For the first time, a mass movement is openly calling for reform of the monarchy in Thailand, shattering a taboo surrounding the royal institution’s near-sacred status.
Influenced by last year’s protests in Hong Kong, young Thais have used social media and drawn on popular culture to outwit the efforts of the Thai police to shut their movement down. An unpopular government has so far been reluctant to use harsh measures against them.
The monarchy has lost much of the reverence it enjoyed under the long reign of King Bhumibol, who died four years ago. His less popular son, King Vajiralongkorn, has alarmed many Thais by accumulating even more power and living overseas. But he is now back in Thailand, meeting royalists and encouraging them to challenge the student-led protests with demonstrations of loyalty.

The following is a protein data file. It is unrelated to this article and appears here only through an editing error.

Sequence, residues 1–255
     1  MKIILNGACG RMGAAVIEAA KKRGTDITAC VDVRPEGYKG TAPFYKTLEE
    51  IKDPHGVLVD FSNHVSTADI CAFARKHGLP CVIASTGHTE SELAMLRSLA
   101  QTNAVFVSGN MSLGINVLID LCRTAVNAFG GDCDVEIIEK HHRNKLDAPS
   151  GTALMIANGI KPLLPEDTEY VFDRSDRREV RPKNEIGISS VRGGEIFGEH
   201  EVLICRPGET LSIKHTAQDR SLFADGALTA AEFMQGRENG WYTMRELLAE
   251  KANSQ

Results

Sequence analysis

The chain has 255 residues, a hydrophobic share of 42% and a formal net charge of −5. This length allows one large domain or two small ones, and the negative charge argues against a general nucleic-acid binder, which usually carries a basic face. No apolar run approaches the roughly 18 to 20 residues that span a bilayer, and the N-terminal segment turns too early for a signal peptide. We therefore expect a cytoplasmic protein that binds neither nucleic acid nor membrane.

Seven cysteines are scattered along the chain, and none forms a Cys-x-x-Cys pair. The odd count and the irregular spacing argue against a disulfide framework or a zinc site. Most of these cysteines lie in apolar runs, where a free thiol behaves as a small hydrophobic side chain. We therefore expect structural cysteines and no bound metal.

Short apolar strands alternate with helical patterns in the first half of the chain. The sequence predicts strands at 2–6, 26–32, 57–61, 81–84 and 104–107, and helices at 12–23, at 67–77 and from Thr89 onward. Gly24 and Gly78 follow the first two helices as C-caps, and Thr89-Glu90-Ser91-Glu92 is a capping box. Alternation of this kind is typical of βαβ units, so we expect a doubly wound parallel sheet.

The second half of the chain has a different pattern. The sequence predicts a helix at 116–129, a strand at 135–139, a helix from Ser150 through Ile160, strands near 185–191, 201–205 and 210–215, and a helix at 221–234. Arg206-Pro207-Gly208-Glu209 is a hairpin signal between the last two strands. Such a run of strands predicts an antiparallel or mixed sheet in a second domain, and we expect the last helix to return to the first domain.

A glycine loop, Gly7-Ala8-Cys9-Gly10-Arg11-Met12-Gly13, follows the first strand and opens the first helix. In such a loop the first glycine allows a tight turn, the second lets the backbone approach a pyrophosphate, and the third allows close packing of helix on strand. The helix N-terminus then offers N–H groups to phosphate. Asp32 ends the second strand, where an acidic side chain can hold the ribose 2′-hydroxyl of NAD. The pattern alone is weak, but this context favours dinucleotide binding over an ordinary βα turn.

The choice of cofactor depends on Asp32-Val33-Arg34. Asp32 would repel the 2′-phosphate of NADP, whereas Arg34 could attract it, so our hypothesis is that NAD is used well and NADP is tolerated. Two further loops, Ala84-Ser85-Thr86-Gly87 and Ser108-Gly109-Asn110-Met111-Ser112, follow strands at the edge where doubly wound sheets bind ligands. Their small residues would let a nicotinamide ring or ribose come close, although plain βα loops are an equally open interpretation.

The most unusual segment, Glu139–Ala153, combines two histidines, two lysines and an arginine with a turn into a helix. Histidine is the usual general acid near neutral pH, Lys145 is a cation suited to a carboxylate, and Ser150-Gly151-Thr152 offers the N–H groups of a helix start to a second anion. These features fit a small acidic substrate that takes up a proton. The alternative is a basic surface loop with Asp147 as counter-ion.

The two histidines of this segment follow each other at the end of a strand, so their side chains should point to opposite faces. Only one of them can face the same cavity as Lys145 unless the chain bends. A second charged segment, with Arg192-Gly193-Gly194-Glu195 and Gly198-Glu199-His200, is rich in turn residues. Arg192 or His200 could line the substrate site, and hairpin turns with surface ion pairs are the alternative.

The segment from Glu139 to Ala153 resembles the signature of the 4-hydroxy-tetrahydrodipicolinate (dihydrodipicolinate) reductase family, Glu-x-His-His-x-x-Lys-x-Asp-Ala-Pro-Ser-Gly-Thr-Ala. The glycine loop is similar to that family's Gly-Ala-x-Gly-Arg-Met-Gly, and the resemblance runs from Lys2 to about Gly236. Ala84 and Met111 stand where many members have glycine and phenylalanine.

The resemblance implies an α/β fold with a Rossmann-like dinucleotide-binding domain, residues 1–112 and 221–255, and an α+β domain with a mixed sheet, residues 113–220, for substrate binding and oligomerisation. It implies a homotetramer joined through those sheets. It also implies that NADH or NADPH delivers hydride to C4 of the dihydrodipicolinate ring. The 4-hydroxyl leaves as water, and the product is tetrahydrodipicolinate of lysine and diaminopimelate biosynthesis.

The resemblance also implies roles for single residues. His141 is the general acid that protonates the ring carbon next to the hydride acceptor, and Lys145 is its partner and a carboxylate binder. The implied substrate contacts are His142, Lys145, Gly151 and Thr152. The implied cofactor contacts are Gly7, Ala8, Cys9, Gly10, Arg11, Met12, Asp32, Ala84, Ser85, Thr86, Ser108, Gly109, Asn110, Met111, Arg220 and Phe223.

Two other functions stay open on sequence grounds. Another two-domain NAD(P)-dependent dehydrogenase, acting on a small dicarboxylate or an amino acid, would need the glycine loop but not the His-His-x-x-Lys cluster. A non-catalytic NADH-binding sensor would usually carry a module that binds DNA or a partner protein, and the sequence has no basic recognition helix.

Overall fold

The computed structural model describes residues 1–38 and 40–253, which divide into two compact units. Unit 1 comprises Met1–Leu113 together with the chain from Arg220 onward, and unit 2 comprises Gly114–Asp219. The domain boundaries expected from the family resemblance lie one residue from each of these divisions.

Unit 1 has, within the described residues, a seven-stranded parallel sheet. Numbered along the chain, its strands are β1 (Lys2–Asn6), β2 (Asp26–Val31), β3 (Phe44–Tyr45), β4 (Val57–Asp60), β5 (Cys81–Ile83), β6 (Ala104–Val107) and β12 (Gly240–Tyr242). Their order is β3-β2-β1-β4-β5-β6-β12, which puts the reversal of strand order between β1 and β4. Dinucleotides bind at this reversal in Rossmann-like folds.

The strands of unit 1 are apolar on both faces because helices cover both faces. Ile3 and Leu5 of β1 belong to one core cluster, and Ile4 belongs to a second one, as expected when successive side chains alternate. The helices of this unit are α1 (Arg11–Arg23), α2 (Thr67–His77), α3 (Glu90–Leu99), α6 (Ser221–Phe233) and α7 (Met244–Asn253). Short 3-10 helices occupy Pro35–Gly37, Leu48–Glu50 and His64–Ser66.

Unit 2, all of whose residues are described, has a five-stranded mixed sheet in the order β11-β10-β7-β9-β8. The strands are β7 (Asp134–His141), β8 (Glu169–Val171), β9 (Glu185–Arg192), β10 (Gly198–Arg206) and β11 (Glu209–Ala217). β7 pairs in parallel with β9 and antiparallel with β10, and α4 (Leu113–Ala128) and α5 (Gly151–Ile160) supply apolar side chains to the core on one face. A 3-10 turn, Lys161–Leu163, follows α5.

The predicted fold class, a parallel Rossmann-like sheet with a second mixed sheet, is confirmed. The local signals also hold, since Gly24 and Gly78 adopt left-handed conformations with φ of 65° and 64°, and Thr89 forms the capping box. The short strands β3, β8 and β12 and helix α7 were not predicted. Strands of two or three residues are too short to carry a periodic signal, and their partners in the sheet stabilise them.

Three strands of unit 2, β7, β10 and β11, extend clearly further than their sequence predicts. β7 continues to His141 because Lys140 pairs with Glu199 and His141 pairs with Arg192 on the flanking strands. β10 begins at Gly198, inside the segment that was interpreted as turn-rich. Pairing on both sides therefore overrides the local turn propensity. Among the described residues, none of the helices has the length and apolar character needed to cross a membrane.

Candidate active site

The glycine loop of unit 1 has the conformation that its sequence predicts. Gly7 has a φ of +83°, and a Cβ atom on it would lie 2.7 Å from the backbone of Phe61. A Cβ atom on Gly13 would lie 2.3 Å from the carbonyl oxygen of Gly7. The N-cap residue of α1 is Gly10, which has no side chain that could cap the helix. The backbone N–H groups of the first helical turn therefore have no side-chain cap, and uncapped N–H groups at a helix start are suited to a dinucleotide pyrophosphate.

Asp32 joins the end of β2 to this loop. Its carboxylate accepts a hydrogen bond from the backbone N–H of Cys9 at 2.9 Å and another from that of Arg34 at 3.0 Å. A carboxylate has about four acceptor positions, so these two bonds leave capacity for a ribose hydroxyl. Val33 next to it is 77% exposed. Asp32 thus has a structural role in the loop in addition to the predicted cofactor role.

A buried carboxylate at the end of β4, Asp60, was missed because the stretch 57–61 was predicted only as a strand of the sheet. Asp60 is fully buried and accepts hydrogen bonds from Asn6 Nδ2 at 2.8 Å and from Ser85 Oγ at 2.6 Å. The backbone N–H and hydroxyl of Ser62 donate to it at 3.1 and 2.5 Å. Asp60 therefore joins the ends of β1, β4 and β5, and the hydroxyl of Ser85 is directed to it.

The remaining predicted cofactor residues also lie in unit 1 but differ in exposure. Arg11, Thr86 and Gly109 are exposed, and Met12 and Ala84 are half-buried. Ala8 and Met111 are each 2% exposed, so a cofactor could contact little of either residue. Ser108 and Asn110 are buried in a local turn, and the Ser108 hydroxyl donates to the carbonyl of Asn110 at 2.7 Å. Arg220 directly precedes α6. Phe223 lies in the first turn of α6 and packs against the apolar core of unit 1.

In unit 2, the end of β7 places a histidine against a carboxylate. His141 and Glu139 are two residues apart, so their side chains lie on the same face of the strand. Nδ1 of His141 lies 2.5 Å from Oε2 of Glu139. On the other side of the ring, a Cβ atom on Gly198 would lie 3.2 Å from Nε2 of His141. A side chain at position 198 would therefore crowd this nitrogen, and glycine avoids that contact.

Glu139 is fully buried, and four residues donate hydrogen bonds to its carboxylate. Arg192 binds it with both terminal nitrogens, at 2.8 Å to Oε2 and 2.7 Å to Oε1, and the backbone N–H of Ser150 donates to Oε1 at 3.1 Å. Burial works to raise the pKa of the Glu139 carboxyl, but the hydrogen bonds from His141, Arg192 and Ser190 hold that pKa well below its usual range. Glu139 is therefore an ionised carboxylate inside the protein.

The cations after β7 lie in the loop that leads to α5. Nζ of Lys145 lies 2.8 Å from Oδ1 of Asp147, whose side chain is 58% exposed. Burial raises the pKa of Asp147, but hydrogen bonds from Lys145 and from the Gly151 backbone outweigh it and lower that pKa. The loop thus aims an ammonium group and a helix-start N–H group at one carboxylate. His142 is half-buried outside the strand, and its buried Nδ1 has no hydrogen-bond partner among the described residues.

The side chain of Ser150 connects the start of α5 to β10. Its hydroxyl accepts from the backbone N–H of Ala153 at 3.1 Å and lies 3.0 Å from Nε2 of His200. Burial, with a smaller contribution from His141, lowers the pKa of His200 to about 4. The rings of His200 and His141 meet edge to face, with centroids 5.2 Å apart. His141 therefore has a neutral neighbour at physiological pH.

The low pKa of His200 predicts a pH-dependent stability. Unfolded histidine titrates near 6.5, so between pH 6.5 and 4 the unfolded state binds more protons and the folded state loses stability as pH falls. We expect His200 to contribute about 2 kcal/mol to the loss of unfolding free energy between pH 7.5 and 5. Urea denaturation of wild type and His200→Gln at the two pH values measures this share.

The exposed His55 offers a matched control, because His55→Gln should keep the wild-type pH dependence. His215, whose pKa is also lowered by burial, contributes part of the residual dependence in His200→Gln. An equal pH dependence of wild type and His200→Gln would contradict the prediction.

The stage is set for a dangerous confrontation between these two factions.
The BBC’s Jonathan Head spoke to people on each side.